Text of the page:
Landlord’s Helpers.” Photo credit: Chris.

June 14, 2020; NBC News

As we’ve noted in NPQ, while the pandemic-induced economic shutdown has affected everyone, it has hit families with low-incomes and of color the hardest. According to the Federal Reserve, nearly 40 percent of those earning $40,000 or less lost their jobs in March. Some have recovered their jobs as states have reopened, but many have not. By contrast, the unemployment rate for managers in May was 5.1 percent.

And many of these low-income, now unemployed, workers are renters. One real estate firm estimated that 28 million renters, or 22.5 percent of all US households, are at risk of losing their homes either to eviction or landlord foreclosure.

As NPQ has noted, eviction moratoria provide limited protection. Rent bills still accumulate, so some renters may owe as much as three or four months’ rent when their moratorium ends. The HEROES bill, passed by the House in May, has languished in the Senate, but could provide up to $100 billion in rent assistance.

But as Safia Samee Ali of NBC News reports, legal protections only matter if landlords follow the law. Many do, but others are using extra-legal means to push tenants out.

For instance, Ali details:

Sada Jones, 23, a hotel cook, has been unable to make rent payments on her New Orleans-area apartment since being furloughed on March 19 due to the COVID-19 pandemic. As a result, she alleges, her landlord began using aggressive tactics to force her out, including cutting off her utilities and sending maintenance workers to demand she leave.

“I’m scared because I don’t want to move with the situation that’s going on with COVID, but I also don’t want to live in these conditions,” she said. “I’m constantly anxious and paranoid about what they’ll do next. I don’t feel safe.”

Attorney Amanda Golob manages the housing law programs at the nonprofit Southeast Louisiana Legal Services in New Orleans. She tells Ali that the nonprofit’s staff is dealing with cases of landlords changing locks, cutting utilities, refusing to make essential repairs, and making repeat harassing phone calls and text messages. “They are creating an environment that forces the tenant to leave on their own.”

Such lawless actions go under the moniker of “self-help evictions,” and they are rising.

“We have seen, both prior to pandemic and during the pandemic, some landlords will resort to intimidation or other tactics to push their tenants out, says Alieza Durana, a writer at Eviction Lab at Princeton University.

As for Jones in New Orleans, she tells Ali that her landlord’s hostile tactics began a few weeks after she missed her April payment. First, her landlord sent maintenance workers into her apartment to demand she leave immediately. Then, the landlord cut off various utilities, disconnecting the air conditioning. The landlord also shut off power to her kitchen, so she no longer has a working stove.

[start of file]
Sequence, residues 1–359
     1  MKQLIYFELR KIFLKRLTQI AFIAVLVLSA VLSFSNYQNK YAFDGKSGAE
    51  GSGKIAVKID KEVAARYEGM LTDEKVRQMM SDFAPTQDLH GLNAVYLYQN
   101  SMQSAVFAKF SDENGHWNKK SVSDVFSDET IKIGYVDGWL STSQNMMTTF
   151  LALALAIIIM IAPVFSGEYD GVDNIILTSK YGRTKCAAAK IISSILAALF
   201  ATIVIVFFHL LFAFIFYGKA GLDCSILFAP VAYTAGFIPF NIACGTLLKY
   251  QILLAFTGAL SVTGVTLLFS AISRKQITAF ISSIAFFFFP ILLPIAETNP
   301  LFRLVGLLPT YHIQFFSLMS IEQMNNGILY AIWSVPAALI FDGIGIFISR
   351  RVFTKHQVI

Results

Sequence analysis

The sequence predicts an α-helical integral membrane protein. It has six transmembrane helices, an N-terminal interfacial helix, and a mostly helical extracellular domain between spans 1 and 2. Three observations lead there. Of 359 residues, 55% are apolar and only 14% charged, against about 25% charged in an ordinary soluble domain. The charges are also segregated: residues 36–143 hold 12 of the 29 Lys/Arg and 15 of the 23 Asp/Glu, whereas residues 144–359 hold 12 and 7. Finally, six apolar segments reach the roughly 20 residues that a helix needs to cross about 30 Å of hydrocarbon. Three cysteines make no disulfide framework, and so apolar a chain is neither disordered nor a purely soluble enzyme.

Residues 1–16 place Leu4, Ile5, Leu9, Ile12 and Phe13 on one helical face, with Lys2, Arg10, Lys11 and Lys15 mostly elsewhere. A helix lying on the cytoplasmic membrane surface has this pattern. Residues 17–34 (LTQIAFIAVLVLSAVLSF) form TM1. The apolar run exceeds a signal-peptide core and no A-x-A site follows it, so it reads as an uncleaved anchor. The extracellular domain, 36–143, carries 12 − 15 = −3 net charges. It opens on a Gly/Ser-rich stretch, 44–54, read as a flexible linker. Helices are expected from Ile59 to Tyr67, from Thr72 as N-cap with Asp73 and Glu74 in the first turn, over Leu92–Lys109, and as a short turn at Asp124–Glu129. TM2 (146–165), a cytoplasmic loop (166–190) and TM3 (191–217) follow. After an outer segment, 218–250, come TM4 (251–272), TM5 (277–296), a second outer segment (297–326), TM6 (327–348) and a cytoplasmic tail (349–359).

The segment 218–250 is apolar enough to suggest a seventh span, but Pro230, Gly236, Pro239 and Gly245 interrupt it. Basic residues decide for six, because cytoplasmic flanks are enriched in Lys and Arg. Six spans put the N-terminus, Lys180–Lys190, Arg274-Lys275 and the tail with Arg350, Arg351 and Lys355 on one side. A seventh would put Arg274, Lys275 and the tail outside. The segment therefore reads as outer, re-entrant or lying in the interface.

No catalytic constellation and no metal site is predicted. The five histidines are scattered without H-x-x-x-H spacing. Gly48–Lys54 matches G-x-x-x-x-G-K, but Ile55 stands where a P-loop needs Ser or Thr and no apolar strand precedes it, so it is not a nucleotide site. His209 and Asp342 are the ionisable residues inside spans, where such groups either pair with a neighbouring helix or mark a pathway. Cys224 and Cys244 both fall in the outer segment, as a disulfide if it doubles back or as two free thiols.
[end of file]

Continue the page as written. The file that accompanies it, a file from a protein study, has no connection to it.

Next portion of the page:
Jones says, “I had to make a decision. Either I pay the rent, or I buy food, so I chose what I immediately needed at the time, which was food.”

Jones lives in a building financed by federal loans, and therefore evictions are prohibited in her building under the CARES Act until July 25th.

Lisa Rice, president of the National Fair Housing Alliance, tells Ali that the situation Jones faces is not unique. Rice says her nonprofit has not yet been able to do a statistical analysis of “self-help evictions” during the pandemic but says cases are likely concentrated among “those vulnerable populations who are disproportionately subject to these forms of abusive evictions when there isn’t a pandemic.”

In response, housing advocates are seeking to extend eviction moratoria, expand relief to renters (such as that contained in the HEROES bill), and raise the bar to filing evictions. Some jurisdictions, such as Minnesota and Washington, DC, “have already started to aggressively prosecute cases of predatory landlord behavior,” reports Ali.

Using such tactics to deprive tenants of their housing is disturbing at any time, but especially during a pandemic, notes Shamus Roller, executive director of the National Housing Law Project. “The last thing we want right now is people going around looking for an apartment to rent. That involves travel, interacting with strangers, enclosed spaces, and all of the other activities associated with moving,” Roller tells Ali. “And those are the challenges for someone that can find and afford a new place. For other people that get evicted, it means doubling up with another family or homelessness, which come with huge health ramifications.”—Steve Dubb